Whale Watching Season at Its Best in Cabo

It is no secret that Los Cabos is a prime location for whale watching. This is due to the high diversity of cetaceans, give or take 32 species of them, that can be found in the waters of Baja California Sur, which is bordered on the west of the Pacific Ocean and on the east by the Gulf of California.

Every year in November, more than 20 thousand gray and humpbacks whales trade the freezing waters of Alaska’s Bering Sea for the warmth of Mexico’s Baja California Peninsula Los Cabos is one of the main places to watch whales due it being located right at the entrance of the Sea of Cortez, so we have the opportunity to observe different types of whales. Cabo San Lucas is famous for its ample offer of several types of whale watching tours that run from December 15th until April 15th each year.

We had a conversation with Patrik Stedt, Chief Marketing Officer of Wild Cabo Tours, in which we asked him for some pointers regarding safety considerations that should be put in place when going on a whale watching tour. “Whale watching activity is regulated in Mexico, there are some basic rules that all services of whale watching need to follow in order to have permission from the government to do it”, said Patrik.

Patrik stated that using a life jacket, particularly if riding a small boat, is a must. Also, the maximum speed that should be observed when near to the whales is 2.5 miles per hour. There should be no sudden changes in directions of the boats, no diving and only authorized boats smaller than 30 feet at 180 feet for 30 minutes. Authorized boats larger than 30 feet should be at 240 feet for 30 minutes, and those boats waiting, and not authorized, should remain at 720 feet of the whales. We also asked Patrik how many whale watching visitors to Los Cabos are expected during the season. “More than 50,000 visitors, only in the area of Cabo San Lucas”, Patrik responded.

Those planning on going on a whale watching tour in Los Cabos can find relevant information at the Tourist information booth and visitors centers serving both Cabo San Lucas and San Jose Del Cabo, all which provides tourists with helpful information about the area, including history, maps, and things to do. The Los Cabos Tourism Board can also be reached by phone by visitors wishing to speak directly to a customer service representative to have their travel questions addressed.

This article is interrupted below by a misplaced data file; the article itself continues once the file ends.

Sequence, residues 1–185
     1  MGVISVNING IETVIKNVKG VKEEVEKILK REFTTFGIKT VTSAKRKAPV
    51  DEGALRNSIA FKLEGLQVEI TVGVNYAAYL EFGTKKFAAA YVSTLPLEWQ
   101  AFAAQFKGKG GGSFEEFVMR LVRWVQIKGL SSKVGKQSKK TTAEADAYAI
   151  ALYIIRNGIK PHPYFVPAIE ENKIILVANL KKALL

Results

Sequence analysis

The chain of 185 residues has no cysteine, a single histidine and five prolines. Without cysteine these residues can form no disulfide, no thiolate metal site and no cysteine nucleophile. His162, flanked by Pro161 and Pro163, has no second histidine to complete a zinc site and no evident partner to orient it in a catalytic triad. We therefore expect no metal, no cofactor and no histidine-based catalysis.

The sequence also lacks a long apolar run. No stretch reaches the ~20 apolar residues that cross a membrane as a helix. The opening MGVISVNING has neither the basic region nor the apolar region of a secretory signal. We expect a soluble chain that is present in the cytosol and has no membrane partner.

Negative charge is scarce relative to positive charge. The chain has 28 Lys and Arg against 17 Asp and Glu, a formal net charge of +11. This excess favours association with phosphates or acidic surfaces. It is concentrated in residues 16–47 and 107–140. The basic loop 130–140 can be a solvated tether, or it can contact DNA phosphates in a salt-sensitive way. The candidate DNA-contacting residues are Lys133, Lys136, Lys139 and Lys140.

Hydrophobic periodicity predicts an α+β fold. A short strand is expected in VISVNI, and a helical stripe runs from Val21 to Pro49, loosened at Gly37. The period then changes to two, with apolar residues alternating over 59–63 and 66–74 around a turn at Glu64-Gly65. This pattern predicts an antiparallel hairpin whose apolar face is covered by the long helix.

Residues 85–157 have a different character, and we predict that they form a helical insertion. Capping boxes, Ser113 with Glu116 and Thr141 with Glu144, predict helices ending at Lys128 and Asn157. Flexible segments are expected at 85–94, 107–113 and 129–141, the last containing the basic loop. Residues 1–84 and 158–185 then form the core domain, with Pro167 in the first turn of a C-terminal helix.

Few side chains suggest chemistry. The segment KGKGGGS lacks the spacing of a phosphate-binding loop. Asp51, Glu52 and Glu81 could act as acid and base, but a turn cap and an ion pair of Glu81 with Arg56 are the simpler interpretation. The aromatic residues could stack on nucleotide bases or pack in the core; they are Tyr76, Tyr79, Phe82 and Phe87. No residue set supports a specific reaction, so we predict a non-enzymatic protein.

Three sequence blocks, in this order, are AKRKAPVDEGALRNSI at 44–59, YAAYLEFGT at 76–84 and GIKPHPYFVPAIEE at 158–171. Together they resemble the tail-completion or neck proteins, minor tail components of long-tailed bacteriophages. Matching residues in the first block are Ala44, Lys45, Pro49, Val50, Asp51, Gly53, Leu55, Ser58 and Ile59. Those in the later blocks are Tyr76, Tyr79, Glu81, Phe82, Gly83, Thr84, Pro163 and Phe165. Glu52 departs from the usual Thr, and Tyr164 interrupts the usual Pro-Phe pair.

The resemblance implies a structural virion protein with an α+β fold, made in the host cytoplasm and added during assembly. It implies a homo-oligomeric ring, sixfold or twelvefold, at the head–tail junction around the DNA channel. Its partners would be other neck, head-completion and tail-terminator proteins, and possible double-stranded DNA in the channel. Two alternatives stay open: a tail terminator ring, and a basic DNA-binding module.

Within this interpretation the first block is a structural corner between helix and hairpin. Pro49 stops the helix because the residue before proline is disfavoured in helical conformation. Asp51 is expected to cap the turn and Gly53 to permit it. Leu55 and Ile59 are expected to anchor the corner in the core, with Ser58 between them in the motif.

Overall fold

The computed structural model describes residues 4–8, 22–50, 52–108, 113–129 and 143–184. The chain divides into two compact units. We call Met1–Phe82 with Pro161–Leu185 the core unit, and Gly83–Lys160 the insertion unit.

Patrik is convinced that Los Cabos is ready to meet the demands of the whale watching season as it pertains to vessels, accommodations, and such. “Whale watching excursions range from a few hours observation tours to half-day or full-day trips. There are various tour operators that specialize in whale-watching, Wild Cabo Tours being the leading one.

We also asked Patrik what else he thought that whale watching visitors look for in Los Cabos, besides boats and/or tour services. “Los Cabos is home to award-winning resorts, prime luxury real estate property, and culinary offerings considered some of the finest available anywhere. There is an ever-increasing growing list of championship golf courses, rejuvenating spas, and world-renowned sport fishing tournaments. Cabo San Lucas, known for its vitality and nightlife, offers a variety of attractions including the vibrant Marina.

Los Cabos also benefits economically, from the whale watching seasons. “In the beginning, the economic benefit for the local communities was scarce, because most trips to the breeding lagoons to watch whales were offered by American companies with all services included, like travel, lodging, and food, with little economic spill in the host communities. For such reason, the Mexican government during the eighties regulated the industry and forced tourism companies to use local pangas during the sighting, this situation generated sources of employment for the locals and gradually began to establish Mexican companies thanks to the growing demand of this market. Since then, Mexico has exploited some species of cetaceans as important ecotourism resources.

When we asked Patrik whether he had final recommendations for potential new visitors to Los Cabos that will be arriving for the first time to watch the whales, he responded: “There are three basic rules for whale watching: cause the minimum impact over the whales, be patient, and only go whale watching with boats or companies that have a whale watching permit.

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